This was an unforgettable, timely and touching moment in history, a moment when dark-skinned Black women watching everywhere were joined in the validation of their own struggles with colorism and also in gratitude to Lupita’s fearless, loving and beautiful testament to truth about beauty. Wherever she appears in print gracing fashion magazine covers and larger than life Lancome ads or on screen, lively, intelligent and sparkling with joy and curiosity, Lupita represents to young black girls and Black women alike what Alek Wek once did for her. The beauty of self acceptance that exists within is what illuminates what we see on the outside and no shade of Black, Brown or shades in between should ever be exempt from the definition of beauty.

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Why Shouldn’t I Care what Smart Black Women are Wearing?

I don’t comment on Facebook threads very often that appear outside of my network. But every once in awhile, situations present themselves that I cannot resist. For instance whoever posts for Harry Belafonte (is it really you Harry?) posted some anti Kanyeness story last week, positing something like “He doesn’t have all the answers.” To which I commented, “No one has all the answers.” Someone later responded to that by saying, “God does.”

…okay. That’s fair. Not relevant. But fair.

Yesterday there was a post on Chimimanda Adichie’s  FB page, which directed interested readers to see what she was wearing on a page titled “Day 3 of Nigerian novelist’s Vogue Today I’m Wearing Photo Blog.” There was a long list of comments responding to that which expressed displeasure about why they should be interested in what she wears, that they only wanted to know what she was writing or thinking.  To which I commented that I was interested in everything she did, what she’s wearing, writing, thinking…

I mean it just so happens that in addition to being a highly educated brilliant writer, thinker and speaker, Adichie is also stunningly beautiful. Her dress game is sickening. Her hair is always tight and on point. Her skin is flawless and she has an infectious inner glow that pours out from her eyes and her voice whenever she is on camera. Are we’re supposed to not notice this?

Continue reading Why Shouldn’t I Care what Smart Black Women are Wearing?

How to be a Black Woman and remove your make-up in “How to Get Away with Murder”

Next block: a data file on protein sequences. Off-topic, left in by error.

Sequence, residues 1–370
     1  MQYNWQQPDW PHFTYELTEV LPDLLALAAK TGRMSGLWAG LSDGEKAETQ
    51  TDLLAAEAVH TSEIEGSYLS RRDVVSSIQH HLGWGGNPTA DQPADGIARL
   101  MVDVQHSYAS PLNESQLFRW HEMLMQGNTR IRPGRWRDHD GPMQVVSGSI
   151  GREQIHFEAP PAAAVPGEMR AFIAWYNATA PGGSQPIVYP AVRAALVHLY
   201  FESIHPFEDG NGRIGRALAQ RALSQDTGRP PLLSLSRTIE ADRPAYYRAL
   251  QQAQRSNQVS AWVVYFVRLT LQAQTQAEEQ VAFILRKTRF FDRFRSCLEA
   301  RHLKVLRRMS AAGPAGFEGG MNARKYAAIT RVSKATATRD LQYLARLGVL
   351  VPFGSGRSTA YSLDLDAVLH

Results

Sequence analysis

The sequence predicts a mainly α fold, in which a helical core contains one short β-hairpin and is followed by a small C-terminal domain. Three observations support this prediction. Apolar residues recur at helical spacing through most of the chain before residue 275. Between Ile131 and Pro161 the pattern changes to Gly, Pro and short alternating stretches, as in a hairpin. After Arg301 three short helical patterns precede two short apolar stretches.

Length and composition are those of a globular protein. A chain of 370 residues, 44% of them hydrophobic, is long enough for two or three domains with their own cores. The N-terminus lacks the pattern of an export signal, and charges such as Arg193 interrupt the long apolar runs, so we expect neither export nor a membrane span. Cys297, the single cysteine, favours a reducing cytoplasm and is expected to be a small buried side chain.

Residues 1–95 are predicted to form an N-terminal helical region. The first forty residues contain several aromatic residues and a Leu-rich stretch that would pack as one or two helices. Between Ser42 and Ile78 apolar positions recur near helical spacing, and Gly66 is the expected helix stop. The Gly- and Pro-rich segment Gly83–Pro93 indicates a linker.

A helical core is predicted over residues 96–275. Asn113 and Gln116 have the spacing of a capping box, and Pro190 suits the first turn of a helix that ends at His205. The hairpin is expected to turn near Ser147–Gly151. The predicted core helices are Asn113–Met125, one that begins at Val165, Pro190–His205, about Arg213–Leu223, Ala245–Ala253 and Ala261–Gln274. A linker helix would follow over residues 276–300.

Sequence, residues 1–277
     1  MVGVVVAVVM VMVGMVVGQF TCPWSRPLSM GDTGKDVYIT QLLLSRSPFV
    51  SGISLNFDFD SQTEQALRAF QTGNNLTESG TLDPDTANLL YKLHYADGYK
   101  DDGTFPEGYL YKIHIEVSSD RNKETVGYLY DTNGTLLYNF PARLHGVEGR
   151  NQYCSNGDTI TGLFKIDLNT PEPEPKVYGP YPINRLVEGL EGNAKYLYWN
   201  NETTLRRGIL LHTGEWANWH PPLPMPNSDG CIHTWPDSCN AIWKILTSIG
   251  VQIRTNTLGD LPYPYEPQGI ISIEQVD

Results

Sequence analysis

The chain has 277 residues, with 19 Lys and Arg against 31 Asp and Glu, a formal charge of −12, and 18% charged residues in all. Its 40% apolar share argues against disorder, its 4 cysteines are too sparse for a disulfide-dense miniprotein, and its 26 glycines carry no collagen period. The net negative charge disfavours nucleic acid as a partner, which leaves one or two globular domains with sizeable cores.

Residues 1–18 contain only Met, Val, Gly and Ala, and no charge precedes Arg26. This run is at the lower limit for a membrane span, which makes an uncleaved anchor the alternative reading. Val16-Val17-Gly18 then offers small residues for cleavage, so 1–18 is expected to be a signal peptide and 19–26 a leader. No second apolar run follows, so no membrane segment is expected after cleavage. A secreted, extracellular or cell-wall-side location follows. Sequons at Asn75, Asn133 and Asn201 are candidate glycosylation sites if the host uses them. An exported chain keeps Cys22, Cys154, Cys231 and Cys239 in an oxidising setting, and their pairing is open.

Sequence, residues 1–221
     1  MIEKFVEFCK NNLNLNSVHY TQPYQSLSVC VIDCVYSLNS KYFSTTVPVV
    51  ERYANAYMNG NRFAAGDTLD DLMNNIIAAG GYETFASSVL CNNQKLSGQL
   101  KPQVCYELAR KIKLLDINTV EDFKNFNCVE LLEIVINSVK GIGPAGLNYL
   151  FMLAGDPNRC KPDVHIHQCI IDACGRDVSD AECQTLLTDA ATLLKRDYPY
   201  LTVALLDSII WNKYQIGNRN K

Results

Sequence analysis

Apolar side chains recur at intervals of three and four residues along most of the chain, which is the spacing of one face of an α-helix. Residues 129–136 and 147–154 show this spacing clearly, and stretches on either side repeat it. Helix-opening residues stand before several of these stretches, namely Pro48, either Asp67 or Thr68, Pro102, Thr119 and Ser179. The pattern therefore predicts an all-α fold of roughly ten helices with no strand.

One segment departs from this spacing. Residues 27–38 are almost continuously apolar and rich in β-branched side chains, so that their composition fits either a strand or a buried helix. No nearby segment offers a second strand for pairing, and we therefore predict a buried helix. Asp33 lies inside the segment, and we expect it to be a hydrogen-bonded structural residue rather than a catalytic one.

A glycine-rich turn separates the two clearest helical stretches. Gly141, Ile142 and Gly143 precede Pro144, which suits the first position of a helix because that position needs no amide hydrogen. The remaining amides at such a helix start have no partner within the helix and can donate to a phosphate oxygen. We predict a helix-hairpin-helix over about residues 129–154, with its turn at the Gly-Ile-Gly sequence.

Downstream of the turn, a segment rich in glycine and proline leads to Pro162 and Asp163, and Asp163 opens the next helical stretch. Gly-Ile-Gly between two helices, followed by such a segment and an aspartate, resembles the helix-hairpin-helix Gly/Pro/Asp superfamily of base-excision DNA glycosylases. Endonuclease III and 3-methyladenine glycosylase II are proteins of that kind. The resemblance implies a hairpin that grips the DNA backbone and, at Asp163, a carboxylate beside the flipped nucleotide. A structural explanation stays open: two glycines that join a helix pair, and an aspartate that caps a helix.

viola davis

When was the last time you saw a leading actress remove all her make-up in an extended, tight, super close up shot?

The only scene that leaps to my mind is Glen Close as the Marquise in the last few minutes of “Dangerous Liasons,” one of my all time favorite films. As she removes her make-up in a show of total ruin we see how truly ugly she is in spirit because she has destroyed any chance there ever was for love in her life. Now it’s Viola Davis in the last ten or so minutes of the last episode of “How to get Away Murder” when she removes all her make-up and gains more and more ground with every swipe.

I’m only just beginning to immerse myself in the series and I have to admit, I still have not seen the first episode in its entirety as yet.

I KNOW! DON’T THROW THINGS AT THE SCREEN.

I think I was just a bit annoyed at all the law student characters. All I wanted was Viola but they’re starting to grow on me and I can see where they are essential to the plot and the movement and development of the show. There have only been four episodes of the series so far and with each one, I see more than I’ve never seen in any television series before.

For instance, I think it was in one the two episodes before the last that Annalise is shown at her home taking off her wig revealing her own short natural hair, pinned back to her head. I was not prepared for that and was immediately intrigued by the fact that Shonda included this reveal with zero fanfare. I watched Annalise deep in thought, and sitting in bed alone and something in me was just like wow. This happens all the time, everyday. Women come home, take off their wigs, make-up, sit in front of a mirror and contemplate. But rarely see this process documented on screen. The idea with everything women do to beautify themselves or appear presentable, particularly Black Women (because we’re not supposed to consider ourselves beautiful unless we have applied some cosmetic form of skin lightener or hair straitening, curl loosening potion) and especially as power players in a high level positions, is that even if the world knows your appearance is a constructed facade based on white standards of beauty, or male standards of power, you never show the world how you put it on or take it down.

V Davis Make-upWhen Annalise is shown in this last episode, not only taking off her perfect wig but slowly removing all of her make-up in front of her dresser mirror, there is such a powerful and subtle statement being made. It was no surprise for me to learn that this was actually Davis’ idea.  The removal of all her cosmetic arsenal does not disarm an actress like Viola Davis. And I don’t believe it is meant to disarm her character. You don’t even get the sense that she cares about any of it. She’s quite beyond the power of make-up or wigs to define who she knows she is. The scene is electric with the building up of inevitable confrontation with her husband. It addresses a multitude of systemic relational dynamics by engaging the audience with it’s own feelings about what is taking place rather than making Annalise a victim or soul representative of something many Black women fall prey to with regards to the dominant culture’s construction and evaluation of female beauty.

This scene is not primarily about make-up or wigs the removal of them or their application. Shonda just shows you what happens in the households of nearly every adult American woman alive on a daily basis. She leaves it up to you and proceeds on with the development of the story.